In the past years I have occasionally complained to whoever was willing to listen (or not, it was not really their choice) that I miss visiting the El Grecos in the Museum of Fine Arts. The El Grecos, mind you, have not made any grand escape, it’s simply that the museum is closed for restoration, a state of existence I accept on a rational level, but rebel against when it comes to the simple fact that I just need to look at those El Grecos every now and then to make sure that the universe is still in tune.
It thus made me particularly happy to find out that the museum will reopen on October 31st, although I am a bit concerned about the fact that they might have moved the El Grecos to a different hall which will deeply impact the tissue of the universe and the way it is in tune, but I will panic about that more thoroughly once the time comes.
For now, the museum has temporarily opened the Romanesque Hall, which can be visited for free until April 2nd, daily from 10 AM to 5 PM. The hall, which is one the most ornate in the entire building has a strange story. It was decorated, alongside the rest of the ground floors halls from 1900 to 1906, with the purpose of housing replicas that would present the history of sculpture and its different ages and styles. The Romanesque Hall hosted medieval sculpture, and its lush decorations were the work of painters Károly Miksa Reismann and János Glaser.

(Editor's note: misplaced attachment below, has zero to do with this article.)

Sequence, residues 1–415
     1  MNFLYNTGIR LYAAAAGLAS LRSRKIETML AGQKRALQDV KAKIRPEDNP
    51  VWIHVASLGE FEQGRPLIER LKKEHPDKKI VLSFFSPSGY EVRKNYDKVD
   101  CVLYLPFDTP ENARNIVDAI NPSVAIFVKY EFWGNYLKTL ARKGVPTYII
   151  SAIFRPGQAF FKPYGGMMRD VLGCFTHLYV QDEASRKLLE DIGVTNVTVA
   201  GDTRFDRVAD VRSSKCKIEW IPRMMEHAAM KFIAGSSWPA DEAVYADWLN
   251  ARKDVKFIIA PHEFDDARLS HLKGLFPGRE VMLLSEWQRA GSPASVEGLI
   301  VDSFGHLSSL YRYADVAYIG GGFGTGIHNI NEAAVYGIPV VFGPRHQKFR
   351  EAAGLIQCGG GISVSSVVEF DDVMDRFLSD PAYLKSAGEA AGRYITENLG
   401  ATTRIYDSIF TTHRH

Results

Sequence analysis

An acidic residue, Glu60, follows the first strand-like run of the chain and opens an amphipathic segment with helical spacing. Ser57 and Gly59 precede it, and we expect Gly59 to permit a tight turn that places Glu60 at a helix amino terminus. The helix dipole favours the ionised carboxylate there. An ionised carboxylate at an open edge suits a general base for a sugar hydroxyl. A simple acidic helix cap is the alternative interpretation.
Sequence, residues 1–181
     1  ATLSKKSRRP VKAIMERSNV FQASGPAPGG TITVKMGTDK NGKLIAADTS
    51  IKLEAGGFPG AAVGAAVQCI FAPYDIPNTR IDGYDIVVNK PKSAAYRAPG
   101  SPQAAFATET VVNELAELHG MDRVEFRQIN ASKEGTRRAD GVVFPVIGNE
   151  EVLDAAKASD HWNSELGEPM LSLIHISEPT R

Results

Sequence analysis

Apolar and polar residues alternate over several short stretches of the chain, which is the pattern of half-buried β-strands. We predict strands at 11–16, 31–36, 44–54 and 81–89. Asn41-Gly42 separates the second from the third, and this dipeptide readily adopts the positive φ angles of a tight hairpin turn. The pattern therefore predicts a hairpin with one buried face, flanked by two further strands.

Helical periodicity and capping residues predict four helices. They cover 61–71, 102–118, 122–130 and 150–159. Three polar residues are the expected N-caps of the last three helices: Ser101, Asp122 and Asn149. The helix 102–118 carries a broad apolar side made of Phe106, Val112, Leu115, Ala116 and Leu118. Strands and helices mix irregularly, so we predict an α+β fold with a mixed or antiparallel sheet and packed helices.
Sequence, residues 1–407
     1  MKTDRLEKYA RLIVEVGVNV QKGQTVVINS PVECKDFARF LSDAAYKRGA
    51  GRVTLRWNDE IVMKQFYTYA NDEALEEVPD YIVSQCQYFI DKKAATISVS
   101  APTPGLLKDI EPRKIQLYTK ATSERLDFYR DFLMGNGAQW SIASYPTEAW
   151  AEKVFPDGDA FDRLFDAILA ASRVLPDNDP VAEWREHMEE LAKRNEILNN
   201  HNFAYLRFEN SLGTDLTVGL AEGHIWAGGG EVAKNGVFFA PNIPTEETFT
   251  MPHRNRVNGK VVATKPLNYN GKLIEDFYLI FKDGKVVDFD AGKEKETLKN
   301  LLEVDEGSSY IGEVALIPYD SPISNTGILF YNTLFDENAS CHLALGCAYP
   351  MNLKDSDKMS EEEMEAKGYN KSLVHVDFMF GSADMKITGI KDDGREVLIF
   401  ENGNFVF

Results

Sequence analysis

The hall was however damaged during WWII, when its ceiling windows caved in an exposed it to the elements. Plans were made to restore it to its former glory, but they kept being postponed, and the space was used as a warehouse for 70 years. Work was finally begun in 2016 and finalized by the summer of 2017 and as a preamble of this autumn’s opening, visitors can now revel in its wealth of decorative details, with elements drawn from heraldry, Hungarian history and Christian iconography.